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Some Comments on the Davidson Correction

C. David Sherrill
School of Chemistry and Biochemistry
Georgia Institute of Technology

December 1996

My thesis [1] already discusses the size extensivity problem of truncated configuration interaction methods. Here I will derive the famous Davison correction [2]; my approach follows that of Meissner [3], filling in some of the details. An alternative derivation is also found in Szabo and Ostlund [4]. Additionally, Duch and Diercksen provide a very nice review of size extensivity corrections.

Consider the CID method for m identical noninteracting two-electron systems. Since they are noninteracting, we will write the total wavefunction as a product of wavefunctions for the individual monomers (cf. Szabo and Ostlund, [4] p. 269). The ground state wavefunction for monomer k will be written as determinant $\Phi_0 (k)$, while the doubly-excited wavefunction is $\Phi_D (k)$. (Assume that singles are noninteracting). Hence the total wavefunction is (eq. A1 of Meissner)

\begin{displaymath}\Psi = c_0 \prod_{k=1}^{m} \Phi_0(k)
+ c_D m^{-1/2} \sum_{k...
\left( \prod_{l=1,l \neq k}^{m} \Phi_0(l) \right) \Phi_D(k),
\end{displaymath} (1)

where of course c02 + cD2 = 1. This approach differs from that of Szabo and Ostlund [4] in that we deal with all the double exitations simultaneously, since they all have the same form and the same coefficient.

Now we diagonalize the Hamiltonian matrix, subtracting out the SCF energy from the diagonal. The determinantal equation is

\begin{displaymath}\left\vert \begin{array}{cc}
-E_D & m^{1/2} x \\
m^{1/2} x & y - E_D
\end{array} \right\vert
= 0,
\end{displaymath} (2)

where x and y are given by
x = $\displaystyle m^{-1/2} \langle \prod_{j=1}^{m} \Phi_0(j) \vert {\hat H} \vert \sum_{k=1}^{m}
\left( \prod_{l=1, l \neq k}^{m} \Phi_0(l) \right) \Phi_D(k) \rangle$  
  = $\displaystyle m^{-1/2} \sum_{k=1}^{m} \langle \Phi_0(k) \vert {\hat H(k)} \vert \Phi_D(k) \rangle$  
  = $\displaystyle m^{1/2} \langle \Phi_0(1) \vert {\hat H(1)} \vert \Phi_D(1) \rangle,$ (3)

y = $\displaystyle m^{-1}
\langle \sum_{i=1}^{m}
\left( \prod_{j=1, j \neq i}^{m} \P...
\left( \prod_{l=1, k \neq l}^{m} \Phi_0(l) \right) \Phi_D(k) \rangle
- E_{SCF}$  
  = $\displaystyle m^{-1} \sum_{k=1}^{m} \left[ \langle \Phi_D(k) \vert {\hat H}(k) ...
...} \langle \Phi_0(l) \vert {\hat H}(l) \vert \Phi_0(l) \rangle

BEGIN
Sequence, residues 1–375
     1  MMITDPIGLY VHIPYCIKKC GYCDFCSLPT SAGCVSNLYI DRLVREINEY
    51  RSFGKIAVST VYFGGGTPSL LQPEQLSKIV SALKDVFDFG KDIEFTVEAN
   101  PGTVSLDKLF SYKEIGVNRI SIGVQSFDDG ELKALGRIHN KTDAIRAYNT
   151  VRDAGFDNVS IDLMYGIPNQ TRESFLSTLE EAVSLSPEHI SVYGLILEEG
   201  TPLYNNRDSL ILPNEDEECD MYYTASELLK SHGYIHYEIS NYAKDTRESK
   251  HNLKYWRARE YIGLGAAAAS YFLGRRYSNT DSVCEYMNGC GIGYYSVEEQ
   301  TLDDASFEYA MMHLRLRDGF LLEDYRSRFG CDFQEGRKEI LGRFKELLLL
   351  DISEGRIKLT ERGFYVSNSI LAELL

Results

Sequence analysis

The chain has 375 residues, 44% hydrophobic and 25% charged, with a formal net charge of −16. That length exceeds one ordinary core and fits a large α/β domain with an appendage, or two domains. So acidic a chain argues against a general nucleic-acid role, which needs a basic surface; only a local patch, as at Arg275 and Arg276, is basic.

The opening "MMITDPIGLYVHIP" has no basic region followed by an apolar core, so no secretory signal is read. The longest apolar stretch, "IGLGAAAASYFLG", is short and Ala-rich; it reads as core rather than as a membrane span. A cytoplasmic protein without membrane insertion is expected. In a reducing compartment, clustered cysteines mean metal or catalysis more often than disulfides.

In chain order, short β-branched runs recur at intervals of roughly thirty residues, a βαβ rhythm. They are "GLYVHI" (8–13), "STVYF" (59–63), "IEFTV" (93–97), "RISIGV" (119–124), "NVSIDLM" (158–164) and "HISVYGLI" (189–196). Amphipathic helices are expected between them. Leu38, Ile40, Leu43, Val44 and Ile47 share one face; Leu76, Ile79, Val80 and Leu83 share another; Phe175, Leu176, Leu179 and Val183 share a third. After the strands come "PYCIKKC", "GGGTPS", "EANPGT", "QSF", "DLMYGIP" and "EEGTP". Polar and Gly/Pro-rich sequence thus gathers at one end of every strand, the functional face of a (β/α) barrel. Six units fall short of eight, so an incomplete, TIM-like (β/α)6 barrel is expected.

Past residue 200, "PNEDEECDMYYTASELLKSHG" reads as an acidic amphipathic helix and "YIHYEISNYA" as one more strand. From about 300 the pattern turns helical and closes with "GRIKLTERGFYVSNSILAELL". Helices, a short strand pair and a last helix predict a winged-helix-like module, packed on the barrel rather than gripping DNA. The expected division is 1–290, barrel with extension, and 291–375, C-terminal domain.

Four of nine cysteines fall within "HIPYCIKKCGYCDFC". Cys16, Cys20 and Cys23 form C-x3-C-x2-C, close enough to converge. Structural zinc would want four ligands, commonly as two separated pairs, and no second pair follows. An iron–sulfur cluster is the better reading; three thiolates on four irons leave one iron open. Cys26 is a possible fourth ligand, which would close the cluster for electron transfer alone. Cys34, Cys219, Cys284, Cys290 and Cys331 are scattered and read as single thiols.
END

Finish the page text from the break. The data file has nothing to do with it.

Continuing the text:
\right] - E_{SCF}$  
  = $\displaystyle \langle \Phi_D(1) \vert {\hat H(1)} \vert \Phi_D(1) \rangle
+ (m-...
...hi_0(1) \rangle
- m \langle \Phi_0(1) \vert {\hat H}(1) \vert \Phi_0(1) \rangle$  
  = $\displaystyle \langle \Phi_D(1) \vert {\hat H(1)} \vert \Phi_D(1) \rangle
- \langle \Phi_0(1) \vert {\hat H}(1) \vert \Phi_0(1) \rangle.$ (4)

The secular equation yields

\begin{displaymath}E_D = -\frac{1}{2} y \left[ \left( 1 + 4 m \frac{x^2}{y^2} \right)^{1/2} -1
\end{displaymath} (5)

and from the eigenvalue equation,

E_D = m^{1/2} x \frac{c_D}{c_0}.
\end{displaymath} (6)

It is reasonable to expect x<<y. In that case, one can employ the expansion

\begin{displaymath}\left( 1 + 4m \frac{x^2}{y^2} \right)^{1/2} = 1 + 2m \frac{x^2}{y^2}
- 2m^2 \frac{x^4}{y^4} + \cdots
\end{displaymath} (7)

Stopping at three terms, we obtain

E_D = -m \frac{x^2}{y^2} + m^2 \frac{x^4}{y^3}.
\end{displaymath} (8)

Now recall that the correlation energy should be proportional to the number of monomers in the system, m. The first term is proportional to m and Meissner points out that it is in fact the L-CPMET energy [3]. The second term is instead proportional to m2and is responsible (along with the neglected higher-order terms) for the lack of size extensivity. We wish our correction factor to cancel this term. If the first term in eq. (8) is dominant then

\begin{displaymath}E_D \approx -m \frac{x^2}{y}.
\end{displaymath} (9)

Combining this equation with eq. (6) yields
$\displaystyle m^{1/2} x \frac{c_D}{c_0}$ $\textstyle \approx$ $\displaystyle -m \frac{x^2}{y}$  
$\displaystyle \frac{c_D}{c_0}$ $\textstyle \approx$ $\displaystyle -m^{1/2} \frac{x}{y}$  
$\displaystyle \frac{1 - c_0^2}{c_0^2}$ $\textstyle \approx$ $\displaystyle m \frac{x^2}{y^2}.$ (10)

We need to cancel the term m2 x4/y3, and we have an expression for m x2/y2; hence we need to multiply by -m x2/y, which is approximately ED! Our correction is thus

\begin{displaymath}\Delta = \frac{1 - c_0^2}{c_0^2} E_D,
\end{displaymath} (11)

which is the ``renormalized'' Davidson correction. If $c_0^2 \approx 1$, this is very close to the traditional Davidson correction,

\begin{displaymath}\Delta = (1-c_0^2) E_D.
\end{displaymath} (12)

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Next: Bibliography Up: Quantum Chemistry Lecture Notes
C. David Sherrill